National Geographic : 2009 Jul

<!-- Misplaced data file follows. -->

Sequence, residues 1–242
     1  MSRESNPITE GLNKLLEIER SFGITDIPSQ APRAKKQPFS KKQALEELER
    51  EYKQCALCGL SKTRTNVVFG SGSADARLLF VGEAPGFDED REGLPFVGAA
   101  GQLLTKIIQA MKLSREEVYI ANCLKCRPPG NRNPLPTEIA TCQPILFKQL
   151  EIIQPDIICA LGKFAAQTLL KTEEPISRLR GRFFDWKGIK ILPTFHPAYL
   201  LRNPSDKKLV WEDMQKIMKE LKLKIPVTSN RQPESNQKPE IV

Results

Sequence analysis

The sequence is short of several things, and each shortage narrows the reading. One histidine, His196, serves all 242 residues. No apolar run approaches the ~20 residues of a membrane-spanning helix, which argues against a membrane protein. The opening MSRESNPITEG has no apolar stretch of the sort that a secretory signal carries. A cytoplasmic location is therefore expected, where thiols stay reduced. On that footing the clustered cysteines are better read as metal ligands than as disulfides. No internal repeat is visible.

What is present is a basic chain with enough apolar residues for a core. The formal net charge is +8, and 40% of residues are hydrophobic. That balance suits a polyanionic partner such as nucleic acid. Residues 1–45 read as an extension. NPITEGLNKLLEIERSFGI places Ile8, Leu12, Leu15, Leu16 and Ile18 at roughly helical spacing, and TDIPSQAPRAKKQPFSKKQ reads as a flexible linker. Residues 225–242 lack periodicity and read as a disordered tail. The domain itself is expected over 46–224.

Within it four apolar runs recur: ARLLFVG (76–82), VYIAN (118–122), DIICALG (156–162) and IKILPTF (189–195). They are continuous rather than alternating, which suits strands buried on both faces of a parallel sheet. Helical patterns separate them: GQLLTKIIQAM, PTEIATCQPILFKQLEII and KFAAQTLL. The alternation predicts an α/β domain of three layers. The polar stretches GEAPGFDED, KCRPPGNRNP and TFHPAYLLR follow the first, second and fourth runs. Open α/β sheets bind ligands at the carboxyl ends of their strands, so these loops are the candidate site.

PHOTO: DARREN NAUD, DMD SYSTEMS ENVIRONMENT Friendlier Fire The EPA is worried about fireworks. It's not so much the noise and smoke---it's the toxic chemical that provides the oxygen needed to burn the fuel. The culprit is perchlorate, and the fear is it could seep into drinking water. Early research suggests it might hinder the thyroid's production of growth hormones, notably in children and pregnant women. "It deserves more study," says EPA spokesman Rick Wilkin. After a fireworks blast, bits of perchlorate can land in nearby water. Poor cleanup of duds adds to contamination. And perchlorate lingers. In a study of an Oklahoma lake from 2004 to 2006, levels spiked following a fireworks show and took 20 to 80 days to stabilize. Why the range? The warmer the water, the faster the perchlorate dissipated. Chemists Darren Naud and Mike Hiskey have devised a solution. Most of the fireworks made by their New Mexico company use cleaner burning, nitrate-based oxidants instead of perchlorate. This low-smoke variety is ideal for indoor shows like Cirque du Soleil, but out- door venues opt for Chinese imports, which are far cheaper. Without laws regulating per- chlorate, event planners aren't likely to spend more bucks for their bang. ---Catherine L. Barker New high-nitrate fireworks don't add much smoke to an indoor space.